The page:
August 22, 1996

In re: William Abel/Eastern Kentucky Correctional Complex

Open Records Decision

This matter comes to the Attorney General on appeal from Eastern Kentucky Correctional Complex's denial of William Abel's June 19, 1996 request for “application and resume, and records regarding any disciplinary action against Officer Tracy Kimmel.” Mr. Abel, an inmate at EKCC, also requested access to records relating to strip searches, including body cavity searches, conducted by Officer Kimmel. In an undated response, Records Officer Sandra M. Thompson advised Mr. Abel that his request had been forwarded “to Central Office for review,” and that he would receive a final response “within ten working days.” On June 24, Mr. Abel was advised that his request was denied pursuant to KRS 197.025. This appeal followed.

We are asked to determine if Eastern Kentucky Correctional Complex violated provisions of KRS 61.870 to 61.884 in responding to Mr. Abel's request. For the reasons set forth below, and upon the authorities cited, we conclude that EKCC's response, although procedurally deficient, was substantively correct.

In 95-ORD-105, and again in 96-ORD-7, this office declared that EKCC violated the Open Records Act by failing to afford inmates timely access to public records. At page 5 of 95-ORD-105, we reasoned:

An inmate in a correctional facility is uniquely situated with respect to the exercise of his rights under the Open Records Act. Although, as we have recently observed, “all persons have the same standing to inspect and receive copies of public records, and are subject to the same obligations for receipt thereof,” an inmate's movements within the facility are presumably restricted, and the manner in which he conducts his financial business dictated by the facility. 94-ORD-90, p. 2; see also, OAGs 79-546; 79-582; 80-641; 82-394; 89-86; 91-129; 92-ORD-1136. Accordingly, an inmate must accept the necessary consequences of his confinement, including policies relative to application for, and receipt of, public records. This does not, however, authorize a correctional facility to adopt and implement records policies which unreasonably delay access.

The procedural requirements of the Open Records Act “are not mere formalities, but are an essential part of the prompt and orderly processing of an open records request.” 93-ORD-125, p. 5. It is incumbent on EKCC to streamline its policies by educating its employees, including caseworkers, on the importance of providing a timely response, as well as timely access to records.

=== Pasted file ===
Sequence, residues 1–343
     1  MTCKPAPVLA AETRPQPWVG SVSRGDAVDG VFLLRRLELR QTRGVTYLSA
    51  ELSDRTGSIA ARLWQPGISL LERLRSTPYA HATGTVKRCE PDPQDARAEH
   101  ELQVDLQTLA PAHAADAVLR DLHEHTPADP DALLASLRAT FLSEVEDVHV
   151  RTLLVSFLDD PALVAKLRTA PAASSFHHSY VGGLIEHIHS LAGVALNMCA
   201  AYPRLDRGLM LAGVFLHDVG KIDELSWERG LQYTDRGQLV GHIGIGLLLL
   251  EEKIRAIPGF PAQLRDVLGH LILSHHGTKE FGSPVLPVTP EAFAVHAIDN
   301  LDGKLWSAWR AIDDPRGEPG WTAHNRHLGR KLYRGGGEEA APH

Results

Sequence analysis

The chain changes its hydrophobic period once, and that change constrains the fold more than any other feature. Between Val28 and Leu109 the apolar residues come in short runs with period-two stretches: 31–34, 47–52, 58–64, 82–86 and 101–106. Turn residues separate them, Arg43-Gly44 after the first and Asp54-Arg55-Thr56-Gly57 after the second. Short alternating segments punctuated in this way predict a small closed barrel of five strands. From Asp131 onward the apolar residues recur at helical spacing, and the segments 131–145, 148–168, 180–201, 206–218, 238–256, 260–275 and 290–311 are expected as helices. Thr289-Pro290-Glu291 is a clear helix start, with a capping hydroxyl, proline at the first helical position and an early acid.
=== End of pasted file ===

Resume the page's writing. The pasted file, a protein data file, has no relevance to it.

Recognizing that the Attorney General cannot order EKCC, or any other public agency, to implement new policies relative to timely records access, or impose penalties for violations of KRS 61.870 to 61.884, we nevertheless admonished that the courts are so empowered, and urged the correctional facility to bear this in mind. 96-ORD-7, p. 3,4.

Although Mr. Abel ultimately received a formal response from the Department of Corrections within three business days, we believe that EKCC's initial response was procedurally deficient insofar as it postulated a response time of ten business days. We commend the Department for its expeditious handling of Mr. Abel's request, but remind EKCC that “a public agency cannot postpone or delay [the three day] statutory deadline” unless it has properly invoked KRS 61.872(4) or (5). 95-ORD-105, p. 4. “`Timely access' to public records has [thus] been defined as `any time less than three days from agency receipt of the request.'” 95-ORD-105, p. 4 citing 84-300, p. 3.

Turning to the substantive issues in this appeal, we find that the Department of Corrections properly relied on KRS 197.025(1) in denying Mr. Abel's request. That provision, which is incorporated into the Open Records Act by operation of KRS 61.878(1)(l) [1] states:

KRS 61.884 and 61.878 to the contrary notwithstanding, no person, including any inmate confined in a jail or any facility under the jurisdiction of the department shall have access to any records if the disclosure is deemed by the commissioner of the department or his designee to constitute a threat to the security of the inmate, any other inmate, correctional staff, the institution, or any other person.

The Department explained that disclosure of the records which Mr. Abel seeks would constitute “a threat to the security of other inmates, the institution and/or Mr. Kimmel.” Clearly, disclosure of records containing personal information relating to an officer, such as home address, telephone number, social security number, and marital status, as well as records reflecting any disciplinary actions against an officer, could compromise the officer's effectiveness and place him at risk. There can be little doubt that this provision vests the commissioner with broad, although not unfettered, discretion to deny inmates access to records the disclosure of which, in his view, represents a threat to institutional security.

A party aggrieved by this decision may appeal it by initiating action in the appropriate circuit court pursuant to KRS 61.880(5) and KRS 61.882. Pursuant to KRS 61.880(3), the Attorney General should be notified of any action in circuit court, but should not be named as a party in that action or in any subsequent proceeding.

A. B. Chandler III

Attorney General

Amye L. Bensenhaver

Assistant Attorney General


Distributed to:

Tamela Biggs

Office of General Counsel

Department of Corrections

State Office Building

Frankfort KY 40601

William Abel, #116007

Eastern Kentucky Correctional Complex

P. O. Box 636

West Liberty KY 41472-0636

Michelle Nichols

Offender Records

Eastern Kentucky Correctional Complex

P. O. Box 636

West Liberty KY 41472-0636


[1] KRS 61.878(1)(l) excludes from public inspection:Public records or information the disclosure of which is prohibited or restricted or otherwise made confidential by enactment of the General Assembly.